Becoming accredited in India is voluntary, but it encourages dental practices, clinics, and hospitals to improve and outperform their competition. The country’s National Accreditation Board for Hospitals & Healthcare Providers focuses on patient safety, quality of care, clinical outcomes, and staff training.10

Whether mandatory or voluntary, government, nonprofit, and for-profit organizations offer national accreditation programs for dental practices, clinics, and hospitals either as a carrot to incentivize them to improve the quality of their services or as a stick and requirement to participate in a government reimbursement program. Both approaches work.

International accreditation programs: CQI rules

International accreditation programs require dental providers to have a Continuous Quality Improvement (CQI) system in place to qualify for accreditation. Dental professionals should be familiar with the principles of the CQI cycle: plan, do, check, act. CQI is the foundation of accreditation and a key to building successful practices. The accreditation standards can then be integrated into the business operations as guideposts to follow toward clinical and nonclinical improvements.

Four organizations offer US-focused or international accreditation programs to dental practices, clinics, and hospitals. The Accreditation Association for Ambulatory Healthcare (AAAHC) offers an accreditation program for dental services in the US under its ambulatory surgery centers program. It operates as Accreditas Global in Central and South America.11 The American Association for Accreditation of Ambulatory Surgery Facilities (AAAASF)12 and Joint Commission International (JCI)13 offer accreditation to dental clinics as a subset of their ambulatory care programs. While AAAASF offers programs primarily for the US market, it also offers services internationally. JCI’s programs are for non-US providers only.

Temos International Healthcare Accreditation offers four programs created specifically for dental services to clients around the world, including the US.14 The program options are based on the type of venue—practice, clinic, or hospital—as well as whether patients are domestic, international, or a combination of both.

Part two about unraveling the mysteries of accreditation will explore international accreditation, including what it can and cannot do for your business and whether it is the right investment for you.

ELIZABETH ZIEMBA, JD, MPH, is the regional director for the Temos office, serving the US, Mexico, LATAM, and Caribbean. Ziemba has a passion for increasing the quality of and access to health-care services around the world. In addition to her work with Temos, she consults with governments and health-care providers to provide market research, marketing, and organizational development services. Contact Ziemba about accreditation by phone or WhatsApp at (857) 366-1315 or [email protected].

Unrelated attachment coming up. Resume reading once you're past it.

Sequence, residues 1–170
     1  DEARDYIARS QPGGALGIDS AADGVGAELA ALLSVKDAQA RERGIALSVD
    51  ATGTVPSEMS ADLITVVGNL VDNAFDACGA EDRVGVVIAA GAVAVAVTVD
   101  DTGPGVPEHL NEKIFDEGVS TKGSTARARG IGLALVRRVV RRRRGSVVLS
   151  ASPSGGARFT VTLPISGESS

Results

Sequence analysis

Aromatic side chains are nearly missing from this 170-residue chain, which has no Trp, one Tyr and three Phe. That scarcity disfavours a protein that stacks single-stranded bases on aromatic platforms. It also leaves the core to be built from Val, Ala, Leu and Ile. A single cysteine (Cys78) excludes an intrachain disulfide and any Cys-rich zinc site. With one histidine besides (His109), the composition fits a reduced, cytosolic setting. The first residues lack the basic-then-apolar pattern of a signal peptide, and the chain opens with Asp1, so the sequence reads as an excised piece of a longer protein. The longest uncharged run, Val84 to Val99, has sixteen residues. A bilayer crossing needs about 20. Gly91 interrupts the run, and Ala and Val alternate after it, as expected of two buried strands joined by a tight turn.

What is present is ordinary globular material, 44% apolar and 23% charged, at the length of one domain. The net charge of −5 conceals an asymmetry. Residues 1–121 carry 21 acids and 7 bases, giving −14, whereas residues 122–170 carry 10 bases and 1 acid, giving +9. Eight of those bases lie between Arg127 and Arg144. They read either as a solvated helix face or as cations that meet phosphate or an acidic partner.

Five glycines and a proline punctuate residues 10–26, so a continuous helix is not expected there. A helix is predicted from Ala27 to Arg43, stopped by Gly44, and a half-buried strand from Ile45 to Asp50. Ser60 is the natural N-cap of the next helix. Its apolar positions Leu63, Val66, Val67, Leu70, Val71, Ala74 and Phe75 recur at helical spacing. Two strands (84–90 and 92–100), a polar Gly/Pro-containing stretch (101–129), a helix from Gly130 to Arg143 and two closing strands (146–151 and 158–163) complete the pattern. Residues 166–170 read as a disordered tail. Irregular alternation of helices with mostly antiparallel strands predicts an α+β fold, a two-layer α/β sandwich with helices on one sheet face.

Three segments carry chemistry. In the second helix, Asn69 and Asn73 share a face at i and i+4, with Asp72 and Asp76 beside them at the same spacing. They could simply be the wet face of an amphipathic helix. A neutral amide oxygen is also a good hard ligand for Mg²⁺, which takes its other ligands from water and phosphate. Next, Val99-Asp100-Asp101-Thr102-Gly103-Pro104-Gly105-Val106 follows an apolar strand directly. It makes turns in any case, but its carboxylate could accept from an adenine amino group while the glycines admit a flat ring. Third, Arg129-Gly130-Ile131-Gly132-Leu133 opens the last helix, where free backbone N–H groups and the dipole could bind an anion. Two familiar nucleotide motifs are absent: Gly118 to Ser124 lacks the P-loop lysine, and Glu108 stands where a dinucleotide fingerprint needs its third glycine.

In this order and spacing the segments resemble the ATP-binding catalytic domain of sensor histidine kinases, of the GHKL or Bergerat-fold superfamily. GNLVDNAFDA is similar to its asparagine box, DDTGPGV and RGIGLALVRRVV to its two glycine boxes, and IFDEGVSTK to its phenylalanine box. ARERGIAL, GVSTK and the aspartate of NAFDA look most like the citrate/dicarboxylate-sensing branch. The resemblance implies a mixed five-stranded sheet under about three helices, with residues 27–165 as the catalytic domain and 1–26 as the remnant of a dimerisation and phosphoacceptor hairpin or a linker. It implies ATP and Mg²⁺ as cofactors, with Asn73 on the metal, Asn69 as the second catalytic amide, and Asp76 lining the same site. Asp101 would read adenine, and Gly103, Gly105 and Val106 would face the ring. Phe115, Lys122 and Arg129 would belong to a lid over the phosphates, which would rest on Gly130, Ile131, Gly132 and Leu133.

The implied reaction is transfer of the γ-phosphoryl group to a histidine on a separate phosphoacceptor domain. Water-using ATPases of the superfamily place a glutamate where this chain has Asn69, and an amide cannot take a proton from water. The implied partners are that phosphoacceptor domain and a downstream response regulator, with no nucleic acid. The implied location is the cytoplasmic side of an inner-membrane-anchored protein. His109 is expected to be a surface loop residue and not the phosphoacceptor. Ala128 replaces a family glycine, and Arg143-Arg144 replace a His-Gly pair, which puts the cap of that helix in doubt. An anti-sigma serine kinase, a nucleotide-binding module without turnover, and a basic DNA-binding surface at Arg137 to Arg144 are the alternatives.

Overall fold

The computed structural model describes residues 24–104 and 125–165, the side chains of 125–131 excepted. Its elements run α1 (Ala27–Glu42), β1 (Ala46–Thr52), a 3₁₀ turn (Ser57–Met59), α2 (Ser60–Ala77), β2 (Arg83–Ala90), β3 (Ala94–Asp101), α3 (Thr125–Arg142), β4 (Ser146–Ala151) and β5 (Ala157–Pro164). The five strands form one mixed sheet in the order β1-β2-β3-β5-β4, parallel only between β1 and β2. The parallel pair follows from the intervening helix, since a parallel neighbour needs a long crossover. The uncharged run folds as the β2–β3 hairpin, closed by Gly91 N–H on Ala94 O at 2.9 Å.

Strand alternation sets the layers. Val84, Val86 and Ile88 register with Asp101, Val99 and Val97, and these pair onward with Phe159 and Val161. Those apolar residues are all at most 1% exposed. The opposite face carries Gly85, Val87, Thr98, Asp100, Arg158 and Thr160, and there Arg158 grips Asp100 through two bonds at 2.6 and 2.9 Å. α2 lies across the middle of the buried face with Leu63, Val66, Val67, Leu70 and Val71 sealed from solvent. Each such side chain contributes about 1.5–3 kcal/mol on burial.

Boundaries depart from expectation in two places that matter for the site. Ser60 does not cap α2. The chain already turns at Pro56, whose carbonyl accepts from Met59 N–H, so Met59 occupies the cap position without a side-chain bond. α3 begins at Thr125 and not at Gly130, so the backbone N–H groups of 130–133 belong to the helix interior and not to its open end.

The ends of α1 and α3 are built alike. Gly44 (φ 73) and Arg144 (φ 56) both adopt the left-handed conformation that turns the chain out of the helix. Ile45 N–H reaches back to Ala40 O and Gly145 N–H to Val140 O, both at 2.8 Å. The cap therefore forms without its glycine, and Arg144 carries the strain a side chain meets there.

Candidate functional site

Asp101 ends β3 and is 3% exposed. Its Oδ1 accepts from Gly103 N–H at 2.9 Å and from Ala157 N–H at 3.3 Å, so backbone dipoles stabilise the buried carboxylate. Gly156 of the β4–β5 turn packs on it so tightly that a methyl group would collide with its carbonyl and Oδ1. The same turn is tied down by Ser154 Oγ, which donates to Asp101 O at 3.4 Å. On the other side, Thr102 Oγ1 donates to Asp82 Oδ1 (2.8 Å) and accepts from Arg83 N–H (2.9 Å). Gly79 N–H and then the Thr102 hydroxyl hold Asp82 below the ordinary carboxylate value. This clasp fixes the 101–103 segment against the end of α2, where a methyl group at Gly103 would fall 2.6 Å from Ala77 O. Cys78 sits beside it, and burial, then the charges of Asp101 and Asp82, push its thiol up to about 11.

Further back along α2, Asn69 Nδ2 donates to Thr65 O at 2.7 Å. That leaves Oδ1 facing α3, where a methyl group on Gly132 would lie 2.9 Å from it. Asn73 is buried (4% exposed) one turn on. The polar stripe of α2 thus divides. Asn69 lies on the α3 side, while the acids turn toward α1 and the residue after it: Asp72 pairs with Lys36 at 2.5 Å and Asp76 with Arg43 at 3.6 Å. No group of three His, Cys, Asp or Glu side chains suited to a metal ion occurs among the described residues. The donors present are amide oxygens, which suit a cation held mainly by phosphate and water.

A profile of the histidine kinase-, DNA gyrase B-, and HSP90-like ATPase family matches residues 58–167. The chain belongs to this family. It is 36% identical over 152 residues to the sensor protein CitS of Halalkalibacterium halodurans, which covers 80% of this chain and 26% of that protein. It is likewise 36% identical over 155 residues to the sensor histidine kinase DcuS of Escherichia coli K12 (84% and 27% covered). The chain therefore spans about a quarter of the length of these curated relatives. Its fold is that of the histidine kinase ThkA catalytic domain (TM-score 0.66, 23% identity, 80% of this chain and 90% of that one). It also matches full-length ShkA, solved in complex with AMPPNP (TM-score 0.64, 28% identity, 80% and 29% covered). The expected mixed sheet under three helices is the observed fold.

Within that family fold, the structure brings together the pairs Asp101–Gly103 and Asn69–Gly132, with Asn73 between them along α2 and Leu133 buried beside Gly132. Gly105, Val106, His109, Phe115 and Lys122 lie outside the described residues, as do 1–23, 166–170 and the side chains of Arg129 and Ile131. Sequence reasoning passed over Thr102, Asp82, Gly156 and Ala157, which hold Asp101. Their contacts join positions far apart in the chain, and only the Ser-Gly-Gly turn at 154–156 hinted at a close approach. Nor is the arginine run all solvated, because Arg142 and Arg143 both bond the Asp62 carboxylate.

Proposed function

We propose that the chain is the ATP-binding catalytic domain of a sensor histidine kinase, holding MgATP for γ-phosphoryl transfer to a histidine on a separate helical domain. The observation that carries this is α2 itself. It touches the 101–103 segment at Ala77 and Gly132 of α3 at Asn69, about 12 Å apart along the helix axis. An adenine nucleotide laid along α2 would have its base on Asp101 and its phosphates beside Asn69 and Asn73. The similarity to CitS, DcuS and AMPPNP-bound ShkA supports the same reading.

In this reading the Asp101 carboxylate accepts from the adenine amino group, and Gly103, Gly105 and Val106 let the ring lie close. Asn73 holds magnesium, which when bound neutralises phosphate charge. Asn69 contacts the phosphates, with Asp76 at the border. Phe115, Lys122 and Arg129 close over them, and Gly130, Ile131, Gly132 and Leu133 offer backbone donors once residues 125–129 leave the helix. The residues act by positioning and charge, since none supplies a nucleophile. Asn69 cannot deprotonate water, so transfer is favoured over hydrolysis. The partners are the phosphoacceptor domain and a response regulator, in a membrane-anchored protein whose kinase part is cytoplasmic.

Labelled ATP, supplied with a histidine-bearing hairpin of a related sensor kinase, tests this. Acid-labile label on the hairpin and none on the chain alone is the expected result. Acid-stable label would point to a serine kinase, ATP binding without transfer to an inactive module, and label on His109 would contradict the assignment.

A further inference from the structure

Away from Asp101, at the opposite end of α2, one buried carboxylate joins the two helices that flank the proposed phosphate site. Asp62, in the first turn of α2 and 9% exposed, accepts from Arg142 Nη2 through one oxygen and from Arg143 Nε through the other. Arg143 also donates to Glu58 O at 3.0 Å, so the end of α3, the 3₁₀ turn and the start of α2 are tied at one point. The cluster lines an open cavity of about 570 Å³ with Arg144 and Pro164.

References

1. CODA Mission. American Dental Association. Accessed February 8, 2021. https://www.ada.org/en/coda
2. Commission on Dental Accreditation of Canada. Accessed February 19, 2021. https://www.cda-adc.ca/cdacweb/en/
3. Dental Council of New Zealand. Accessed February 19, 2021. https://www.dcnz.org.nz/
4. Australian Dental Council. Accessed February 19, 2021. https://www.adc.org.au/
5. The General Dental Council. Accessed February 19, 2021. https://www.gdc-uk.org/
6. Caribbean Accreditation Authority for Education in Medicine and Other Health Professions. Accessed February 19, 2021. https://www.caam-hp.org/
7. American Academy of Cosmetic Dentistry. Accessed February 19. 2021. https://aacd.com/
8. Dental Accreditation Specialists Board. Accessed February 19, 2021.https://www.healthprofessionals.gov.sg/dsab/about-us
9. Australian Commission on Safety and Quality in Health Care. Accessed February 19, 2021. https://www.safetyandquality.gov.au/sites/default/files/migrated/NSQHS-Standards-Guide-for-Dental-Practices-and-Services-November-2015.pdf
10. National Accreditation Board for Hospitals & Healthcare Providers. Accessed February 19, 2021. https://nabh.co/Dental.aspx
11. Accreditation Association for Ambulatory Healthcare. Accessed February 19, 2021. https://www.aaahc.org/
12. American Association for Accreditation of Ambulatory Surgery Facilities. Accessed February 19, 2021. http://www.aaaasf.org/
13. Joint Commission International. Accessed February 19, 2021. https://www.jointcommissioninternational.org/
14. Temos International Healthcare Accreditation. Accessed February 19, 2021. https://www.temos-worldwide.com/

About the Author

Elizabeth Ziemba, JD, MPH

ELIZABETH ZIEMBA, JD, MPH, is the regional director for the Temos office, serving the US, Mexico, LATAM, and Caribbean. Ziemba has a passion for increasing the quality of and access to health-care services around the world. In addition to her work with Temos, she consults with governments and health-care providers to provide market research, marketing, and organizational development services. Contact Ziemba about accreditation by phone or WhatsApp at (857) 366-1315 or [email protected].